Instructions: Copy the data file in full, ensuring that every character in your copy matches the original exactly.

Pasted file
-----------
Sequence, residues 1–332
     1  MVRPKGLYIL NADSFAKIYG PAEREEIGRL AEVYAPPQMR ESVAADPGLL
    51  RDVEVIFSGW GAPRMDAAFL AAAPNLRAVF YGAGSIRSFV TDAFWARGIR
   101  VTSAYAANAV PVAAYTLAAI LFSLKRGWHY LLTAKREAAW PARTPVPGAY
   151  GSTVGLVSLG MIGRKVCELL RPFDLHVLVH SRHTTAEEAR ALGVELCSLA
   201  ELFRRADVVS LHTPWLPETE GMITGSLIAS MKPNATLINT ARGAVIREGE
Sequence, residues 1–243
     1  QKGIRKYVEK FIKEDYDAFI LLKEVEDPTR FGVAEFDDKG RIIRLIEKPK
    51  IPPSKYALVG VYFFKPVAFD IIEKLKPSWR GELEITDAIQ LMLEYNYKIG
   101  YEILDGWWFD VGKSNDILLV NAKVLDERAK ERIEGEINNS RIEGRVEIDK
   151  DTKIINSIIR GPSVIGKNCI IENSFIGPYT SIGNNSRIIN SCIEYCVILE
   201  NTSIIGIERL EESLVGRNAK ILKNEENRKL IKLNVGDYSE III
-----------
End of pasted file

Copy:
Sequence, residues 1–332
     1  MVRPKGLYIL NADSFAKIYG PAEREEIGRL AEVYAPPQMR ESVAADPGLL
    51  RDVEVIFSGW GAPRMDAAFL AAAPNLRAVF YGAGSIRSFV TDAFWARGIR
   101  VTSAYAANAV PVAAYTLAAI LFSLKRGWHY LLTAKREAAW PARTPVPGAY
   151  GSTVGLVSLG MIGRKVCELL RPFDLHVLVH SRHTTAEEAR ALGVELCSLA
   201  ELFRRADVVS LHTPWLPETE GMITGSLIAS MKPNATLINT ARGAVIREGE
Sequence, residues 1–243
     1  QKGIRKYVEK FIKEDYDAFI LLKEVEDPTR FGVAEFDDKG RIIRLIEKPK
    51  IPPSKYALVG VYFFKPVAFD IIEKLKPSWR GELEITDAIQ LMLEYNYKIG
   101  YEILDGWWFD VGKSNDILLV NAKVLDERAK ERIEGEINNS RIEGRVEIDK
   151  DTKIINSIIR GPSVIGKNCI IENSFIGPYT SIGNNSRIIN SCIEYCVILE
   201  NTSIIGIERL EESLVGRNAK ILKNEENRKL IKLNVGDYSE III